I guess I will probably have to repeat this at 120K.
It's a GOLDEN RULE: Always change a tensioner and belt together. Murphy's Law will always get you if you don't......
 

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I have started using Royal Purple Oil on my cars ((S6 and a few S4's B5, B6 and B8.5 also used it on my last Cayenne Techart) and have not had a problem since then. Audi's are notorious for carbon build up and have not had any issues after switching to Royal Purple
 

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I have done so many walnut blasting jobs I couldn’t count at this point. Audi 4.2 FSI V8, a few r56 minis, but the big winner is the VAG 2.0t, same engine as the base macan. It’s not a hard or complicated job. On the 2.0t I have it down to about 3 hours for the job, manifold off, blast, clean, new gaskets, manifold on and drive off. My GTS doesn’t have any signs of bad buildup yet, but I’m sure the day will come. I will take some pics tomorrow of a 2.0t that I have to do tomorrow night for more reference.
 

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Oh and the type of oil really makes no difference what so ever. The oil that is clinging to the valves is the nasty sludge blow by fed back into the intake, and because of direct injection isn’t washed off the valves with gas.
I have had people meticulous with specific top end oils, people who could care less and go to drive through oil change places, and in between. Some might get more mileage than others but it’s going to happen no matter what.
 

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Oh and the type of oil really makes no difference what so ever. The oil that is clinging to the valves is the nasty sludge blow by fed back into the intake, and because of direct injection isn’t washed off the valves with gas.
I have had people meticulous with specific top end oils, people who could care less and go to drive through oil change places, and in between. Some might get more mileage than others but it’s going to happen no matter what.
So gas additives won't work as the gas doesn't go that direction. What is the answer?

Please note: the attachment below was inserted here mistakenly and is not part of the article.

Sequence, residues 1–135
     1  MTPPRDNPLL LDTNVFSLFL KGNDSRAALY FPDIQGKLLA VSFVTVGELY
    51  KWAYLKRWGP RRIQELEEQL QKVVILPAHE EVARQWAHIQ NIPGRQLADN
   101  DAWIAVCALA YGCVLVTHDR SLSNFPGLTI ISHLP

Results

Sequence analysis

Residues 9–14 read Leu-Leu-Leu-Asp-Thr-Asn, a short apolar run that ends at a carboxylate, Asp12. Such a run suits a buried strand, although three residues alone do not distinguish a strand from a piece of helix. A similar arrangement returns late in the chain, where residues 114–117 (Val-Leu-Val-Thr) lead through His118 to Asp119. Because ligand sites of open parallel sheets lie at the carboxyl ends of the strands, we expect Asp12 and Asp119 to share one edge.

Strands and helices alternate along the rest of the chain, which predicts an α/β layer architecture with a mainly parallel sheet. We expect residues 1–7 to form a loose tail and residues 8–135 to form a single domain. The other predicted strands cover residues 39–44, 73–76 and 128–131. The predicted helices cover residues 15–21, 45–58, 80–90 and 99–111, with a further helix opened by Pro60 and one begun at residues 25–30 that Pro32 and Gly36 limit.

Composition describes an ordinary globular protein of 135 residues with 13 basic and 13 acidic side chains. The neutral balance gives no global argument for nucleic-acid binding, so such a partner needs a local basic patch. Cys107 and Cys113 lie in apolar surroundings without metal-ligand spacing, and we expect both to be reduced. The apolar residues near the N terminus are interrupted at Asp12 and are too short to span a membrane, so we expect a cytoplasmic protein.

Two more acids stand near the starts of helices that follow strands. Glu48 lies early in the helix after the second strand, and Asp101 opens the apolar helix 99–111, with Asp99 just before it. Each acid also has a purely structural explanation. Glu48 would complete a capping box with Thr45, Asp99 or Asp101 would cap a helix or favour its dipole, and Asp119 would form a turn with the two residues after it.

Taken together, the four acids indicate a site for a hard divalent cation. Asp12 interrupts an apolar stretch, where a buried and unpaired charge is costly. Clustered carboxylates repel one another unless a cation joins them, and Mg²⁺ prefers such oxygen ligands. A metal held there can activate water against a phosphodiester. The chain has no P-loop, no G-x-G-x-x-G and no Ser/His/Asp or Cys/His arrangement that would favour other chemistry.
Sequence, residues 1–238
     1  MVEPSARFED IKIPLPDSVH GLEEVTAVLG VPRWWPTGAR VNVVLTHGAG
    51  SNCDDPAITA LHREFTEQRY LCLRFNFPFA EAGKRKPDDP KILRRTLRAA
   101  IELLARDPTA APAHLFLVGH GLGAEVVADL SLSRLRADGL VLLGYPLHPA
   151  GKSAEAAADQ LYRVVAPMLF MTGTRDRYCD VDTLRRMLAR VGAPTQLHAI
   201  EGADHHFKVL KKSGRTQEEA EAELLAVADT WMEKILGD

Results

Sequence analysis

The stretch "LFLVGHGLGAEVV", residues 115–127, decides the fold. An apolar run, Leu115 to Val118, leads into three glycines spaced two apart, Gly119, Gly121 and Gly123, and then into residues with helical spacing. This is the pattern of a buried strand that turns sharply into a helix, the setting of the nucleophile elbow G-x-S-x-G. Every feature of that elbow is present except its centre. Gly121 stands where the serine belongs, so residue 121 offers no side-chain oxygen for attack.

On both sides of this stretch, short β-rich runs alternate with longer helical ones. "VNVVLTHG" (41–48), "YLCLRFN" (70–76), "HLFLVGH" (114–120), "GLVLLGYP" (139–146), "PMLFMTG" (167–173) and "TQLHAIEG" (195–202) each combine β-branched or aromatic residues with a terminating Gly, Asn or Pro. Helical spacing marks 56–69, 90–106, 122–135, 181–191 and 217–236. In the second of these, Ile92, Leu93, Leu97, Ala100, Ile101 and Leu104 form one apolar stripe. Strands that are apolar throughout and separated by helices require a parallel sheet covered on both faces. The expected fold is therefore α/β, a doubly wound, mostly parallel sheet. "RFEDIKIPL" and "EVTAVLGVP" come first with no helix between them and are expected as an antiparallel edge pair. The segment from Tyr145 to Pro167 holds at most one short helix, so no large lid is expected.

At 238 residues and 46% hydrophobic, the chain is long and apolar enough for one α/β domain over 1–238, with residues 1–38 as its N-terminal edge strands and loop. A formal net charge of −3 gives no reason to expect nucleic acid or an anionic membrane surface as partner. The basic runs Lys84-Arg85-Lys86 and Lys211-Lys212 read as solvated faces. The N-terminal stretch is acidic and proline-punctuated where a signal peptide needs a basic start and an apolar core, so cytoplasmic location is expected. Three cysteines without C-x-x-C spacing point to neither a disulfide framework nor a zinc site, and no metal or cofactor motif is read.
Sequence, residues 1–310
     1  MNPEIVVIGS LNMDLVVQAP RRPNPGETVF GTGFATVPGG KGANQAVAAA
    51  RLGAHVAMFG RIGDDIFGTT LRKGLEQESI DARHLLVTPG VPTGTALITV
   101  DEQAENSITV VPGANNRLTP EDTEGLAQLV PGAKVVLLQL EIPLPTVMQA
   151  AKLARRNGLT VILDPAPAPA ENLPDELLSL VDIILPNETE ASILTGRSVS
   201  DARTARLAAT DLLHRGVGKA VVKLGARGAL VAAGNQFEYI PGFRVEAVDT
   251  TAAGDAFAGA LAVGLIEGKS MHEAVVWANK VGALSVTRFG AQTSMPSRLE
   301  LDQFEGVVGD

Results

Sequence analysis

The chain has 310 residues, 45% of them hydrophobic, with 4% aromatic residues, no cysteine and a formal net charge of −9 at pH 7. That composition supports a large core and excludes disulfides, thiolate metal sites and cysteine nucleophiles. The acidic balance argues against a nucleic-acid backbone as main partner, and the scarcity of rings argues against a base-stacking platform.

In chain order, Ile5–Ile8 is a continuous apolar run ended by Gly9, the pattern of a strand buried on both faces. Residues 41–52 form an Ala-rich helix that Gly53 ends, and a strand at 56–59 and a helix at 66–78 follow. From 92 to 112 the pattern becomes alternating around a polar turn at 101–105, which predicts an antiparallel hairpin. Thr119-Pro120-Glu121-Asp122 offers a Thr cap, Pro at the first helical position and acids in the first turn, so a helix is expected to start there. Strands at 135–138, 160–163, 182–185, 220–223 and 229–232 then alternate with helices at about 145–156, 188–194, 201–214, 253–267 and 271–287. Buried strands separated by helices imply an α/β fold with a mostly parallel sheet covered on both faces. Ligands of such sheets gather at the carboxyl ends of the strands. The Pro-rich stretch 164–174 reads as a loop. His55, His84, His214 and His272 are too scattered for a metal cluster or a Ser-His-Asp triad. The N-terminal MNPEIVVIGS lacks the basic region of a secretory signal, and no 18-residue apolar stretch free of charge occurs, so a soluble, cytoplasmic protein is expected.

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So gas additives won't work as the gas doesn't go that direction. What is the answer?
Correct, fuel additives don’t help whatsoever with the carbon build up on valves. And these gimmick spray through the intake, etc might might help the slightest bit temporarily, but they really need to be manually cleaned. I use walnuts shells being blasted at 90 PSI and still have to manually scrape a little bit until they are clean.
 

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This is a pic of the two intake valves on the worst cylinder. This was a 2012 VW CC with 131k miles, last cleaned at 80, so roughly 50k miles and 5000 mile oil change intervals according to the owner.
229904

And this is what I use, blaster, shop vac, and picks with a 3D printed attachment that fits in the head.
229905
 

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This is a 2.0t tsi found in many ve audi and the base macan. For this engine you have to remove the intake manifold, which is just a few vacuum lines, bunch of electrical connections, and the fuel line from the hpfp to the rail. I replace the manifold gasket and throttle body gasket. Some opt to do injectors, replace the manifold itself, plugs, but I always pair this job with an oil change and pcv. I have it down to about 3 hours.
This car had been running poorly for about 3 months when cold, flashing and solid check engine light, and hard to start cold along with misfires.
it had check engine lights for misfires, low idle, intake leak, etc.
When I was changing the oil I noticed oil leaking from between the engine and trans. Once I had it all back together this one wouldn’t run and was still misfiring at idle. I did more diagnosis, and it seems as though now this one will need a rear main seal. It had the original pcv, and either it caused so much suction in the engine that it sucked in the rear main seal or the rear main seal just simply failed. On these 2.0t the rubber seal is glued to a metal plate, and the metal plate is bolted to the block around the crank. The glue eventually fails and causes a leak or the seal completely separated from the metal plate and spins with the crank causing a major oil leak. So now I need to take off the dsg and replace the $50 seal. Dealer charges around $1,000 for this job. It will be around 10-12 hours for me to do this now.
 

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Will a catch can reduce the amount of sludge in our Macans? I had a Weistec catch can ($$$) installed on my old W204 coupe w/AMG Dev Pkg. It collects a lot of oil BEFORE it goes back into the intake. Any input?